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Stephen Hawking’s last collaborator on physicist’s final theory

PARIS: When Thomas Hertog was first summoned to Stephen Hawking’s office in the late 1990s, there was an instant connection between the young Belgian researcher and the legendary British theoretical physicist. “Something clicked between us,” Hertog said.

That connection would continue even as Hawking’s debilitating disease ALS robbed him of his last ways to communicate, allowing the pair to complete a new theory that aims to turn how science looks at the universe on its head.

The theory, which would be Hawking’s last before his death in 2018, has been laid out in full for the first time in Hertog’s book “On the Origin of Time”, published in the UK last month.

In an interview, the cosmologist spoke about their 20-year collaboration, how they communicated via facial expression, and why Hawking ultimately decided his landmark book “A Brief of History of Time” was written from the wrong perspective.

The ‘designed’ universe

During their first meeting at Cambridge University in 1998, Hawking wasted no time in bringing up the problem bothering him. “The universe we observe appears designed,” Hawking told Hertog, communicating via a clicker connected to a speech machine.

Hertog explained that “the laws of physics — the rules on which the universe runs — turn out to be just perfect for the universe to be habitable, for life to be possible.” This remarkable string of good luck stretches from the delicate balance that makes it possible for atoms to form molecules necessary for chemistry to the expansion of the universe itself, which allows for vast cosmic structures such as galaxies.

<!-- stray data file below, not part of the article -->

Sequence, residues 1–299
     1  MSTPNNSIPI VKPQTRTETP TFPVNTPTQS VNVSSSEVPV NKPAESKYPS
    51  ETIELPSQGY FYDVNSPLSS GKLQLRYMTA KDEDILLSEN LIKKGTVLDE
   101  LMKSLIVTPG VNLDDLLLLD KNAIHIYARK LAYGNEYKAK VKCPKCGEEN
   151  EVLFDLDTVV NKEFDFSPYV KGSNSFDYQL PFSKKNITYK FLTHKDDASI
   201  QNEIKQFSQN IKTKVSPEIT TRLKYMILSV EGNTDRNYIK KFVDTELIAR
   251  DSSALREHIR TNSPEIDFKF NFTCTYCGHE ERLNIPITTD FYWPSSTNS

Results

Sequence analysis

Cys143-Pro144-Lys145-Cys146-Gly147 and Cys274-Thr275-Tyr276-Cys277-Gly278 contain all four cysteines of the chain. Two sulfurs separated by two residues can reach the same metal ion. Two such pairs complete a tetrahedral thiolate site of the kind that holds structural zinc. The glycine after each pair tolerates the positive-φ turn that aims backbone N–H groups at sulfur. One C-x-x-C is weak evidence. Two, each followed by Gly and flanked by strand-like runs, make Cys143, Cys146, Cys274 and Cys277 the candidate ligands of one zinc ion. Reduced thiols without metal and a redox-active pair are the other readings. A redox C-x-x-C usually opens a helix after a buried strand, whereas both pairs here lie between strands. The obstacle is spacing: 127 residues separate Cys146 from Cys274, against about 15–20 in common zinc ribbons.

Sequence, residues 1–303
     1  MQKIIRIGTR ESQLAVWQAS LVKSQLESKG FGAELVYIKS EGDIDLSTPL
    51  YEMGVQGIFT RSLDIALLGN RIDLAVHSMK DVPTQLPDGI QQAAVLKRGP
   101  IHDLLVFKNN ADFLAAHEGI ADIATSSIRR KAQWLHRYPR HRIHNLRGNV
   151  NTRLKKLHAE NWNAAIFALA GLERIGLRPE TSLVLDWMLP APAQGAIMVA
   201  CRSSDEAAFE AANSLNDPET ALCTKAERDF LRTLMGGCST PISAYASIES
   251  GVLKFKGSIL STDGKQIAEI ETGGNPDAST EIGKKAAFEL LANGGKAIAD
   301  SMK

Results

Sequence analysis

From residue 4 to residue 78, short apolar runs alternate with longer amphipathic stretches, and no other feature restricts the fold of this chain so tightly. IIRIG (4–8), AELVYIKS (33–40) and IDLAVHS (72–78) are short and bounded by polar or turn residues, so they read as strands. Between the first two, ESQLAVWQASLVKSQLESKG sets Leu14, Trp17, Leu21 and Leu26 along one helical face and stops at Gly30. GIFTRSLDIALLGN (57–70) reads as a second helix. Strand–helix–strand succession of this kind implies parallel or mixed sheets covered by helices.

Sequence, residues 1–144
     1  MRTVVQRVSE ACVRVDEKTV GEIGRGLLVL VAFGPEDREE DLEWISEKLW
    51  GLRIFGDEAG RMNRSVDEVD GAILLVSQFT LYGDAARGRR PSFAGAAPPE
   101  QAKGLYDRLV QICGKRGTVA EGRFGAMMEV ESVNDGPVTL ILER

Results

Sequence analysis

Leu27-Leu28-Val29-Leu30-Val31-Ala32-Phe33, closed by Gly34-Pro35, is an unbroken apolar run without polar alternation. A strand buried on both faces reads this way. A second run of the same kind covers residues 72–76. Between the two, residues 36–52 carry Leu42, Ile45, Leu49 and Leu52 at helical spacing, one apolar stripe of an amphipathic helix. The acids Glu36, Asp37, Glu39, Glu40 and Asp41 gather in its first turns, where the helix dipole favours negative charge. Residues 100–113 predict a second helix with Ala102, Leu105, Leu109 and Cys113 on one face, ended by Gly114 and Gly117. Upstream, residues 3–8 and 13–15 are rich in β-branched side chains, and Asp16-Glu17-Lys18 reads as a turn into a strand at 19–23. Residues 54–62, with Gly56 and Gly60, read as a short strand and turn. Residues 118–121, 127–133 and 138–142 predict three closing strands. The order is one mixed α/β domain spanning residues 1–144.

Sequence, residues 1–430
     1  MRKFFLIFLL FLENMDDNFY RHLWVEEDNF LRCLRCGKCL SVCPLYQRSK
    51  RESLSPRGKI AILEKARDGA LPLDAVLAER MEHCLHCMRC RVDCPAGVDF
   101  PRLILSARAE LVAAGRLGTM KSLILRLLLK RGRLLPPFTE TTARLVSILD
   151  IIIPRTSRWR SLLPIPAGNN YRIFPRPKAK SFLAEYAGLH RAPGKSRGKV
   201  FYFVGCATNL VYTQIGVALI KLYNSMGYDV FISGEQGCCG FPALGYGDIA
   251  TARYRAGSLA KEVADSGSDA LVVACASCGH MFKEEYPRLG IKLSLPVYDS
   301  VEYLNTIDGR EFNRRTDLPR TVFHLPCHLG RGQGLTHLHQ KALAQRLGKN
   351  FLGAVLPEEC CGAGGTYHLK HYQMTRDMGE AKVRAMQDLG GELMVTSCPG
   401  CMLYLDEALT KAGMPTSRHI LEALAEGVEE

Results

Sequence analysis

One “trendy” answer to this problem has been the multiverse, an idea that has recently become popular in the movie industry, Hertog said.

This theory explains away the seemingly designed nature of the universe by making it just one of countless others — most of which are “crap, lifeless, sterile”, the 47-year-old added.

But Hawking realised the “great mire of paradoxes the multiverse was leading us into”, arguing there must be a better explanation, Hertog said.

Outsider’s perspective

A few years into their collaboration, “it began to sink in” that they were missing something fundamental, Hertog said.

The multiverse and even “A Brief History of Time” were “attempts to describe the creation and evolution of our universe from what Stephen would call a ‘God’s eye perspective’,” Hertog said.

But because “we are within the universe” and not outside looking in, our theories cannot be decoupled from our perspective, he added.

“That was why (Hawking) said that ‘A Brief History of Time’ is written from the wrong perspective.” For the next 15 years, the pair used the oddities of quantum theory to develop a new theory of physics and cosmology from an “observer’s perspective”.

But by 2008, Hawking had lost the ability to use his clicker, becoming increasingly isolated from the world. “I thought it was over,” Hertog said.

Published in Dawn, May 29th, 2023

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